PowerCell to provide hydrogen solutions for two Norwegian state ferries

Swedish company PowerCell has inked a contract to provide hydrogen solutions for two state ferries that operate on Norway’s longest ferry connection.

Credit: PowerCell

As informed, the agreement was signed between PowerCell and SEAM. The Norwegian government has set as a requirement that the new ferries across the Vestfjorden at Lofoten must be emission-free.

In addition, they must be powered by hydrogen to cover the long and demanding distances of up to four hours. The Norwegian transport group Torghatten Nord will deliver the ferries, which have a
capacity of 599 passengers,120 cars and twelve trucks each.

Torghatten Nord and PowerCell also intend to enter into a long-term service agreement.

PowerCell will deliver its Marine System 200, which enables the ferries to produce approximately 13 MW of power in total. The ferries will be powered by green hydrogen which is expected to reduce CO2 emissions by 26,500 tonnes per year.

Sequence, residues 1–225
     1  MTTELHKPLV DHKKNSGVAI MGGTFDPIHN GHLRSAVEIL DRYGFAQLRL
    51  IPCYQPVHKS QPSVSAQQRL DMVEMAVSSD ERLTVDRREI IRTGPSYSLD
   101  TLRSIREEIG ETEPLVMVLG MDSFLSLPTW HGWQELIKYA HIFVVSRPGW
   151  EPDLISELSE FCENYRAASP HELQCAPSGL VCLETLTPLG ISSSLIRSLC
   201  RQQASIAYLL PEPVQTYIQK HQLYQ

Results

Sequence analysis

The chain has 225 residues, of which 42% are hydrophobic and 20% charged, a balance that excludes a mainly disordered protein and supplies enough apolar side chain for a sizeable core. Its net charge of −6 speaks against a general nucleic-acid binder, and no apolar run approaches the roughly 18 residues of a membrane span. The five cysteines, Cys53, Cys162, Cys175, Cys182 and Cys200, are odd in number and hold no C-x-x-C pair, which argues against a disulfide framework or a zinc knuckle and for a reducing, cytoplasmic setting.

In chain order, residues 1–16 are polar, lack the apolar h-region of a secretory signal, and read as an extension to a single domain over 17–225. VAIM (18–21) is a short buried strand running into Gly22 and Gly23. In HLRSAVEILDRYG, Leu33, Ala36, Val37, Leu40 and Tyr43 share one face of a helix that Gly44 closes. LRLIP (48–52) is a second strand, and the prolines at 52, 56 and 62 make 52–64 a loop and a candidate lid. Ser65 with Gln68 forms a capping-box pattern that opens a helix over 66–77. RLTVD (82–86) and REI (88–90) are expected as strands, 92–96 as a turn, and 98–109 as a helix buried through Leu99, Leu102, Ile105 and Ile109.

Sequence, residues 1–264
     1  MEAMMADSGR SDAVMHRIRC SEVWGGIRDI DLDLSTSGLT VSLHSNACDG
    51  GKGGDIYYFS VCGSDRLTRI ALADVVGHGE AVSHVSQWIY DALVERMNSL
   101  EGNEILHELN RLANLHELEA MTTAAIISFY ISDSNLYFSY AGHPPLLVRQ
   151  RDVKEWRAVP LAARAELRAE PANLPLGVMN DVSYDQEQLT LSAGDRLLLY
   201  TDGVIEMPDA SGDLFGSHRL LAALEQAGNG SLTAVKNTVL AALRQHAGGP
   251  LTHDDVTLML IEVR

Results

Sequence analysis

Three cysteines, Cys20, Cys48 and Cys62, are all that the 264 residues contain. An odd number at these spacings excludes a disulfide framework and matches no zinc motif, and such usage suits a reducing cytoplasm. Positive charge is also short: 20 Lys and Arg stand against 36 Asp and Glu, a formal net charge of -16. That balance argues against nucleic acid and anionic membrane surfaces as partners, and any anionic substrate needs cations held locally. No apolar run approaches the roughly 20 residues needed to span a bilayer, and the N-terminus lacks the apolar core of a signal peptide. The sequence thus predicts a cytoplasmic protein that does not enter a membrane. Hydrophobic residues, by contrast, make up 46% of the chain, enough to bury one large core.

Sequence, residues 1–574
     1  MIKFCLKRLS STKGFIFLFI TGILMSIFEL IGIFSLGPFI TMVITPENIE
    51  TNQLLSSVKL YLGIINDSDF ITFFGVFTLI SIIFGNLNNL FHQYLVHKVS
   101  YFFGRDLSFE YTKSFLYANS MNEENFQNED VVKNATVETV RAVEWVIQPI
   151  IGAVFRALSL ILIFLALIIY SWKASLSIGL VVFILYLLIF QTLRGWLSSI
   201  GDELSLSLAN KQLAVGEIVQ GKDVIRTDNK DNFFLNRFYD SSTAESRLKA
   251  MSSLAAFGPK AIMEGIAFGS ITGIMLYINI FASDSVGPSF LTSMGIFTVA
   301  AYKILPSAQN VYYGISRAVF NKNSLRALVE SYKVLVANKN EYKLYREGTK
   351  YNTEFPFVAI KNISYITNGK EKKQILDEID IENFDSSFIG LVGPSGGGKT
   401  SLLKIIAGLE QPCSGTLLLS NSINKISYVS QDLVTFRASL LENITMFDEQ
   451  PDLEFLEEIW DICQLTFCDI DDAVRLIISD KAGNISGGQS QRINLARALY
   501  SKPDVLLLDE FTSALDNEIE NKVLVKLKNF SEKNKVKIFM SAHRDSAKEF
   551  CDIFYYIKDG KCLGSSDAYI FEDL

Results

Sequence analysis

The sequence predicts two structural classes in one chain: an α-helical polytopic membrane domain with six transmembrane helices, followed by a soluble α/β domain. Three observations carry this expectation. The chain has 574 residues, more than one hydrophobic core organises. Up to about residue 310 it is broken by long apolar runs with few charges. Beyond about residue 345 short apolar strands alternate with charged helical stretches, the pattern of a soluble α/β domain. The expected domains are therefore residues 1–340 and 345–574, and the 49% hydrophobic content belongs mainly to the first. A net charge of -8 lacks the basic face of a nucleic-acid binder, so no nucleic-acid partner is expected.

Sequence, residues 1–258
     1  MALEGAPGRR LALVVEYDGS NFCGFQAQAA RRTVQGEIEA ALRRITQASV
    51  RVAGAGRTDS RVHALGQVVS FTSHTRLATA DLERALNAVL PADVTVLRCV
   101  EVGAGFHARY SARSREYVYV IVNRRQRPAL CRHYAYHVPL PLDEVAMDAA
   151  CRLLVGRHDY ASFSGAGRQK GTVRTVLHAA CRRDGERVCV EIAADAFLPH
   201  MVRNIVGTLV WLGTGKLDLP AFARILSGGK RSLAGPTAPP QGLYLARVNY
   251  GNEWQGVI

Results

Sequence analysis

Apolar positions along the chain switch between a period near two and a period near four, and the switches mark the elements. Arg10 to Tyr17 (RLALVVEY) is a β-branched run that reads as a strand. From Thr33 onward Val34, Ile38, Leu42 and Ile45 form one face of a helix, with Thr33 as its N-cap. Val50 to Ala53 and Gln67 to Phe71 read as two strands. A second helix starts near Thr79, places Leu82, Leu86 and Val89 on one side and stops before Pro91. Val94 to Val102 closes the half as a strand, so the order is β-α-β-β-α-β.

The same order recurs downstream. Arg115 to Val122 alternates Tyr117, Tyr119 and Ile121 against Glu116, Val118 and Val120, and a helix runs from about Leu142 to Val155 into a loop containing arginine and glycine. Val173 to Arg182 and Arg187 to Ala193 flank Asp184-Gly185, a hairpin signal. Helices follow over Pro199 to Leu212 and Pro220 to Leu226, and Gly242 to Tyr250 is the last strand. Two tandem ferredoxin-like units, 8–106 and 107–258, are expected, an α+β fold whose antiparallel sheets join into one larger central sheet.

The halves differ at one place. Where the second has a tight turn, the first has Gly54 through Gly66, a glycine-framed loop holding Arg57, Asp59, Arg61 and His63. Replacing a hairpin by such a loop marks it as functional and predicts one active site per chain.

This corresponds to the CO2 emissions from 13,000 diesel cars per year, according to the route operator.

“Norway led the development in the introduction of liquefied natural gas in the marine industry and now they are taking an important step to establish green hydrogen as the energy source to decarbonize marine commercial operations. Our solutions are perfectly suited for demanding applications where operational reliability, high power density and compact format are important parameters,” Richard Berkling, CEO of PowerCell.

“The transition to electrification and emission-free energy is accelerating and is supported by supranational initiatives such as the EU’s Green Deal and the large-scale investments to reach the Paris Agreement,” stated Richard Berkling.

“In Norway alone, there are roughly 800 ferry lines and ferries are a segment where we can expect great interest in hydrogen-electric solutions. Starting next year, the maritime sector will be included in the EU Emissions Trading System, which will increase the demand for net zero, hydrogen-powered solutions.”

With a value of €19.2 million, this is the world’s largest hydrogen project to date in the marine industry, the company concluded.